Toh, Benjamin E W; Paterson, David L; Kamolvit, Witchuda; Zowawi, Hosam; Kvaskoff, David; Sidjabat, Hanna; Wailan, Alexander; Peleg, Anton Y; Huber, Charlotte A

    2015-11-01

    Acinetobacter baumannii, one of the more clinically relevant species in the Acinetobacter genus is well known to be multi-drug resistant and associated with bacteremia, urinary tract infection, pneumonia, wound infection and meningitis. However, it cannot be differentiated from closely related species such as Acinetobacter calcoaceticus, Acinetobacter pittii and Acinetobacter nosocomialis by most phenotypic tests and can only be differentiated by specific, time consuming genotypic tests with very limited use in clinical microbiological laboratories. As a result, these species are grouped into the A. calcoaceticus-A. baumannii (Acb) complex. Herein we investigated the mass spectra of 73 Acinetobacter spp., representing ten different species, using an AB SCIEX 5800 MALDI-TOF MS to differentiate members of the Acinetobacter genus, including the species of the Acb complex. RpoB gene sequencing, 16S rRNA sequencing, and gyrB multiplex PCR were also evaluated as orthogonal methods to identify the organisms used in this study. We found that whilst 16S rRNA and rpoB gene sequencing could not differentiate A. pittii or A. calcoaceticus, they can be differentiated using gyrB multiplex PCR and MALDI-TOF MS. All ten Acinetobacter species investigated could be differentiated by their MALDI-TOF mass spectra. Copyright © 2015 Elsevier B.V. All rights reserved.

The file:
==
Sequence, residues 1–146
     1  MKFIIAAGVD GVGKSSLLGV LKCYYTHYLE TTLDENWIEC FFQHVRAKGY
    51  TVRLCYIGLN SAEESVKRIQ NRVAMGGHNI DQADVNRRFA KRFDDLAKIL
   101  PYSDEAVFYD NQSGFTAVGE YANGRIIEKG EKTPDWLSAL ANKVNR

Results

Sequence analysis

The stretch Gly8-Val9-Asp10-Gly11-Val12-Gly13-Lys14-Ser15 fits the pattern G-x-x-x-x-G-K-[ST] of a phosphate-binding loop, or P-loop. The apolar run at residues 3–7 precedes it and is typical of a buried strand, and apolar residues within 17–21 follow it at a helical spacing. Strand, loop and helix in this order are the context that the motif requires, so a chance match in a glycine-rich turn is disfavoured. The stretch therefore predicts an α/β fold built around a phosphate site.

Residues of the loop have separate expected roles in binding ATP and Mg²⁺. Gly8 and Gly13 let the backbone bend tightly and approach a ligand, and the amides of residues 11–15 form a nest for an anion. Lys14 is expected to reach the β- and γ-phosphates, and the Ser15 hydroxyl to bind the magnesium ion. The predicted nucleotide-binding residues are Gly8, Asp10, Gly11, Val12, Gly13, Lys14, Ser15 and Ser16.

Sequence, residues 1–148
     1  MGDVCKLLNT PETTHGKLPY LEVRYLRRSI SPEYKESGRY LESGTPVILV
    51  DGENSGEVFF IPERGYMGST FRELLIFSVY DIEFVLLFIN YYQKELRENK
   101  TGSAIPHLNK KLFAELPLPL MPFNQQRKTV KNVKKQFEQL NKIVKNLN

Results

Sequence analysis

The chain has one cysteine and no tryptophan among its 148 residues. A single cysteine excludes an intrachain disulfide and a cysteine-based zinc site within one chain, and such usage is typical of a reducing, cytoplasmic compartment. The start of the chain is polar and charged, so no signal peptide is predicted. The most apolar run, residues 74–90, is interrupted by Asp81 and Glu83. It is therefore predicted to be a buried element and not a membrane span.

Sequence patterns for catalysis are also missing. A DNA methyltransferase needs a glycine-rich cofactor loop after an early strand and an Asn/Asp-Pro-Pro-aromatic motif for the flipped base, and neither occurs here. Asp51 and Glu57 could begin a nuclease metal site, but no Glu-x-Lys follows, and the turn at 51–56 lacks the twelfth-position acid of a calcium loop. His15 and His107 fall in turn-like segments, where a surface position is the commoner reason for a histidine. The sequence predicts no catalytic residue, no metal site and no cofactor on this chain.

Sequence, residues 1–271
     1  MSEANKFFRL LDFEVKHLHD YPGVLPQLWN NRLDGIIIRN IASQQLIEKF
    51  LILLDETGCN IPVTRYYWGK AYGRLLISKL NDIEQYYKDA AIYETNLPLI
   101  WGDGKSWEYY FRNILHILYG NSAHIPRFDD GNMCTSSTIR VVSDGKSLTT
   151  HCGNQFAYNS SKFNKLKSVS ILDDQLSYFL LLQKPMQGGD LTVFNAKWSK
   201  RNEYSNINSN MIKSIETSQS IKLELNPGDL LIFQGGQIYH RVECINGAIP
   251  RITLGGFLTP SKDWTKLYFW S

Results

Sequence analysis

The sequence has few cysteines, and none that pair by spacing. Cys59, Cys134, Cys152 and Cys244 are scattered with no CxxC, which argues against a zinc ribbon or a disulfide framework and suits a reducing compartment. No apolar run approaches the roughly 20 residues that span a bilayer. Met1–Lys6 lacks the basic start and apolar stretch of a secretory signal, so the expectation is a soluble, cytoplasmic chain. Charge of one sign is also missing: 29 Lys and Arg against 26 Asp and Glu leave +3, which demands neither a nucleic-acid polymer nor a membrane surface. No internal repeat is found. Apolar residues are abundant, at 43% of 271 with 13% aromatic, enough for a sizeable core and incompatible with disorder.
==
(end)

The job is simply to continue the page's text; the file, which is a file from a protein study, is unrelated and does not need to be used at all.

1. Virulence factors and antibiotic susceptibility pattern of Acinetobacter species in a tertiary care hospital in Bangladesh

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    Azizun Nahar

    2012-01-01